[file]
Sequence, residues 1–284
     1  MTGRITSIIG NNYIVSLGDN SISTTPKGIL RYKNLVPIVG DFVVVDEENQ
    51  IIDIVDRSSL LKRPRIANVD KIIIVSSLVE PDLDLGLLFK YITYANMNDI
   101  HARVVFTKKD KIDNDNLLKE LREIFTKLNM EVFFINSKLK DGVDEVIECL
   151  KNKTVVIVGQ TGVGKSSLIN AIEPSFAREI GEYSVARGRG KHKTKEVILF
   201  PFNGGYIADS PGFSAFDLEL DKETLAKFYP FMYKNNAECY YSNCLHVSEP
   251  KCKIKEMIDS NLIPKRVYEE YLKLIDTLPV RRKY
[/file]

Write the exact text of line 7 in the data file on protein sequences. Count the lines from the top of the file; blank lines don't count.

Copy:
   251  KCKIKEMIDS NLIPKRVYEE YLKLIDTLPV RRKY